Both the move to digital delivery and a shift toward creativity-based education necessitate novel approaches to how we teach. Many are lamenting that online education is a pale shadow of the real thing, but traditional stand-and-deliver lectures, often with hundreds of students packed in auditoriums, left much to be desired anyway. And while active, experiential pedagogical techniques may be easier to apply in person, creative approaches that leverage technology can elevate the psychologically essential aspects of engagement and even increase personalization. The same technologies that are disrupting our economy and society are producing important new mediums for active learning, even in domains that require hands-on participation. For instance, at Sheridan College, Dr. Andy Alubaidy has created a custom-built virtual lab for electromechanical engineering students to partake in “hands-on” activities. Massive funding investments are being made in EdTech, and higher education must creatively align with these movements to keep abreast of innovation in this sector.

Critically, this transition to digital is not happening in a vacuum; industry, too, is seeing a shift toward remote work and collaboration. Even if online education has shortcomings, and collaborating via the limitations of screens lacks the richness of human connection, graduates will face these same challenges as they enter the workforce. More and more of our thinking interacts with technology, so education that mirrors that reality is practical.  Engaging directly with the reality facing our species today is even more vital, and applied research partnerships that give students the opportunity to engage directly with organizations, be they private, public or non-profit, should be highly prized. Our team at Sheridan College recently secured a grant that will allow students to directly participate in tackling challenges in our community. Institutions that prioritize such novel applied learning opportunities will be seen as more useful in preparing students for what comes next.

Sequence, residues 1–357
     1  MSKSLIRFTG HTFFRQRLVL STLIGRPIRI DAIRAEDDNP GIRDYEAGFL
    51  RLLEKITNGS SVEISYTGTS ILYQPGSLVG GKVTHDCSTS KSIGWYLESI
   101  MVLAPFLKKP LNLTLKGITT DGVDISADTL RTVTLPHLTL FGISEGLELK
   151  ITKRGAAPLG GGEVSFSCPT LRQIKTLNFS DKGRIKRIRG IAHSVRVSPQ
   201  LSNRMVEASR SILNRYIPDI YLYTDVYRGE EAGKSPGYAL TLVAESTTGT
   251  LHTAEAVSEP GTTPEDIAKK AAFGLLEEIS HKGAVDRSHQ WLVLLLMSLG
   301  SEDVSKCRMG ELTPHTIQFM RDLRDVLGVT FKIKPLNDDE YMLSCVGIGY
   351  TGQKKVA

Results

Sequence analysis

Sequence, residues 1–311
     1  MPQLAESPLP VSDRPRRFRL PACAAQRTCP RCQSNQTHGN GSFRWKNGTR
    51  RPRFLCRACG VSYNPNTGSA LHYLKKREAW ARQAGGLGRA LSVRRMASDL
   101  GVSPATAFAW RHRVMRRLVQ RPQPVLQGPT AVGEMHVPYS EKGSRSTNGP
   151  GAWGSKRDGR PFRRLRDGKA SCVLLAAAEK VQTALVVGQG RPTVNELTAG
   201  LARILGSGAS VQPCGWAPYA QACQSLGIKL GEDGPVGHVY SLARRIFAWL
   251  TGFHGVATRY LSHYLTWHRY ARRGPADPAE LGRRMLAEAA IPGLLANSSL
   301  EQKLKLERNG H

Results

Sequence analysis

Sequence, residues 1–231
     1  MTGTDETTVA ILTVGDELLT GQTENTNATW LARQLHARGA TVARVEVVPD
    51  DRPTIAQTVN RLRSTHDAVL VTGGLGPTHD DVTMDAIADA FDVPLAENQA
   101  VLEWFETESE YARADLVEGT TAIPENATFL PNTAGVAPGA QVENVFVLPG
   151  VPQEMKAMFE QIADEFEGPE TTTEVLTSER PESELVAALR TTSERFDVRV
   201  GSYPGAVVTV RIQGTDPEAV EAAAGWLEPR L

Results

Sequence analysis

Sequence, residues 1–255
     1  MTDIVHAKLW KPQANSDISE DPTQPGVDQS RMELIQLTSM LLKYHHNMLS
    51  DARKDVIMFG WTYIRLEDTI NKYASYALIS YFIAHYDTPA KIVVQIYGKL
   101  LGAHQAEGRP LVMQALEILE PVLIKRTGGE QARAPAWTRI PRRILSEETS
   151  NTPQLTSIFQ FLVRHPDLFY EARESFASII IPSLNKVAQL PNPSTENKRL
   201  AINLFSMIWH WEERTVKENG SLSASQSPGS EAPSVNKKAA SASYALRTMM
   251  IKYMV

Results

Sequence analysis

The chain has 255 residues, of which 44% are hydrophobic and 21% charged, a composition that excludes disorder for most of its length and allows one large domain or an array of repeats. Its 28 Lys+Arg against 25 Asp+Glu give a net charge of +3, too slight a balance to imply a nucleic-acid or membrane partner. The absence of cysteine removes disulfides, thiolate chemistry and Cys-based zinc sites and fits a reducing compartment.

Even if such creative shifts manifest across colleges and universities, many will still rightly question whether tuition costs are worthwhile in a world awash with information and opportunities for learning. It is also apparent that certain classes of institutions are more under threat than others. Scott Galloway predicts “a handful of elite cyborg universities will soon monopolize higher education”, with partnerships between big tech and big-brand schools pushing smaller universities and colleges to the brink. Differentiated curriculum, applied learning opportunities, and creative delivery, or drastically re-imagined financial models and new conceptions of scale, are needed for survival. An increased investment in micro-credentialing, certificate programs and other offerings outside of traditional four-year degrees will be needed to compensate for losses in traditional tuition–particularly from international students–and address diversified demands.  Institutions must strive for unique offerings that set them apart from competitors and are useful enough to warrant the significant investment from both students and the broader citizenry who support higher education through taxation.

While a survey of institutions today would reveal great uniformity in composition and strategic orientation, the future will force more creative and diverse approaches to higher education, with different schools carving out unique market shares. Leaders will need to exhibit paradoxical leadership, embracing the tension between what higher education has been, what it must be, and how their institution fits into the broader system. Strategic plans and offerings that are comprised of the usual set of synonyms bandied about by senior administration will be insufficient (the word creativity included), and imagination in conveying novelty and usefulness is needed — these visions must be realized concretely.

Will the institutions of today be successful in creating new models while preserving the foundation of scholarship and learning that serve as the pillars of our higher educational system? Can colleges and universities position themselves as sufficiently unique and useful to survive?

Only time will tell, but creativity seems to be our best hope.